There are certain things that, due to technological progress or changing tastes, we no longer tend to see in everyday life. But every now and then you come across a refreshing glimpse of yesteryear amid the 21st-century. This happened to me a couple of weeks ago during my lunch-hour as I walked into Cheltenham town centre. Outside a shop, I saw a tall gentleman, smartly dressed in a tweed suit. He had a contented and reflective look on his face as he engaged in a seldom-seen pursuit and I instantly thought: “Now, there’s a sight you don’t see very often these days.” At once the memories started to flood back. I have seen him on several occasions since, doing exactly the same thing and, as I walk past him, I know that he is enjoying a moment’s peace within the frantically paced world. You see, dear reader, the tweed-suited gentleman of whom I write, is one of a particularly rare breed in these times; he is a pipe smoker.
I come from a family in which many relatives, including both grandfathers, my father and several uncles, were all, at some point in their lives, pipe smokers. The sight and the smell of someone smoking a pipe take me right back to childhood. That pleasant aroma of pipe tobacco used to drift through the house and garden as the pipe smokers in our midst puffed away quietly, with their slightly lopsided grins and clenched-teeth expressions. To me it seemed like some peculiar ancient art. There were mysterious rituals such as the repeated tapping of the pipe bowl upside down in order to extract the ash, and cleaning the pipe bowl with a penknife to remove any remaining debris. To clean the stem, the wire, woolly-coated pipe cleaners would be used. Once clean, the bowl would be carefully refilled, tamping down the shreds of golden-leafed tobacco, before it was lit, with a certain degree of ceremony, then the gentle clouds of contentment would emerge.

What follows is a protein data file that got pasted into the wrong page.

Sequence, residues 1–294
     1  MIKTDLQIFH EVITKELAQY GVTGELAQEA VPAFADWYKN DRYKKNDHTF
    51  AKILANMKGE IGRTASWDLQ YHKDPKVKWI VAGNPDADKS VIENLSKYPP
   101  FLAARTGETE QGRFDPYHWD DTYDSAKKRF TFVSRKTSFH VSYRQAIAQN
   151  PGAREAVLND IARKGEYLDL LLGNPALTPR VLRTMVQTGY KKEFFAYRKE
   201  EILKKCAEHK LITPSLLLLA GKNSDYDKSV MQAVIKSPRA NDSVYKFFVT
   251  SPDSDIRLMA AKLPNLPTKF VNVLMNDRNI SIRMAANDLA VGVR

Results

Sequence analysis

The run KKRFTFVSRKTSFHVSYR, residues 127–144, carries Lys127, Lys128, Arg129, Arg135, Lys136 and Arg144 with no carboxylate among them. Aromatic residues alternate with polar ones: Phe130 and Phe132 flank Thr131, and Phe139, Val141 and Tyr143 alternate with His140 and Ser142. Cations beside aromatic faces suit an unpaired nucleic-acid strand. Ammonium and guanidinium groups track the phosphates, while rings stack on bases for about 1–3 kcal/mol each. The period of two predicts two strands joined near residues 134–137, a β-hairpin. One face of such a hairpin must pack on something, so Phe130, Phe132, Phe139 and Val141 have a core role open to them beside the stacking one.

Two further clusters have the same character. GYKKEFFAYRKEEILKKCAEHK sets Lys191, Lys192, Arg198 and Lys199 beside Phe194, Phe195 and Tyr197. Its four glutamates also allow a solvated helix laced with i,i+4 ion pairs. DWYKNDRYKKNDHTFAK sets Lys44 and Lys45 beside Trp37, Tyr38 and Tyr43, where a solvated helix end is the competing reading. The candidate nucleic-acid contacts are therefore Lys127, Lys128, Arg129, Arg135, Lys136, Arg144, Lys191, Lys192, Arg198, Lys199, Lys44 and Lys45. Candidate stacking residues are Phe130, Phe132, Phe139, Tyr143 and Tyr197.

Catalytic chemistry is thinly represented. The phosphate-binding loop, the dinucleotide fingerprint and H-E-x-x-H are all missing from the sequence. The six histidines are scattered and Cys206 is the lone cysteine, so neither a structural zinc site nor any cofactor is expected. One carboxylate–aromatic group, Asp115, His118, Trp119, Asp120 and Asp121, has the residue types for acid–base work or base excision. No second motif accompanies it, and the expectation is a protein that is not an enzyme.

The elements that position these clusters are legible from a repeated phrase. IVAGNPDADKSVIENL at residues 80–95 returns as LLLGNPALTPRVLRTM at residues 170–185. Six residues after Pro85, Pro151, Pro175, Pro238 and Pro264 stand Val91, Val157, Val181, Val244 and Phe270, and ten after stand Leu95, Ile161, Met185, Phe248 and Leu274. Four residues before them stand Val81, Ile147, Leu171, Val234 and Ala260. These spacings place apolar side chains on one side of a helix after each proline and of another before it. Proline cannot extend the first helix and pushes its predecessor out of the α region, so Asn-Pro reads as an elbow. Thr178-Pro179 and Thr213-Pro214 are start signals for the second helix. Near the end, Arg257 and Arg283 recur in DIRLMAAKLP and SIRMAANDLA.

I suppose because of this family tradition I was always aware of famous pipe smokers including the legendary RAF fighter ace Sir Douglas Bader, Eric Morecambe, Bing Crosby, Cary Grant, former Prime Minister Harold Wilson and the Labour politician Tony Benn who famously said: "Tea and tobacco are my two comforts in life." Even the great scientist Albert Einstein once declared: "I believe that pipe smoking contributes to a somewhat calm and objective judgement in all human affairs." In the realms of fiction, of course, we have those two great detectives Sherlock Holmes and Inspector Maigret, both of whom would puff away, cogitate and reflect on the clues in the latest case they were attempting to solve.
As a child I was regularly sent on an errand to the village shop to purchase “A quarter of Erinmore Mixture.” Somehow I can’t imagine getting away with that today! The golden colour of the label, with the red lettering, is still firmly imprinted on my mind. Apart from the different types of tobacco and their colourful packaging there were countless shapes and styles of pipes too - from the straight stems to the rather more curved, ornate ones, and the different varieties of wood and other materials they were crafted from. There was also something magical and mystical about those old-fashioned tobacconists' shops and the racks of pipes and smoking accessories they displayed. Step inside and you would enter another world filled with a wonderful aroma of proper gentlemanly pipe tobacco - rich, redolent and refined. It was a world that spoke of another age, one that was largely ignorant of smoking's health risks, which today are clearly evident and we are, thankfully, aware.
Now, of course, the trend (or should that be taste?) is for the curious vaping devices that seem to boil away permanently like old kettles – emitting a foul fog of fruity fumes. I must confess that, as a non-smoker, I much prefer the aroma of pipe tobacco or cigars. Nothing can extinguish the fond memories these evoke for me, because I always associate them with childhood, family, home - and especially Christmas.
One of the famous pipe smokers I mentioned, Eric Morecambe, is featured with his comedy partner, "Little Ern", in a wonderful article in Evergreen's forthcoming winter issue celebrating favourite festive viewing from the 1970s and '80s. If you want to be sure of receiving a copy click here for subscription details.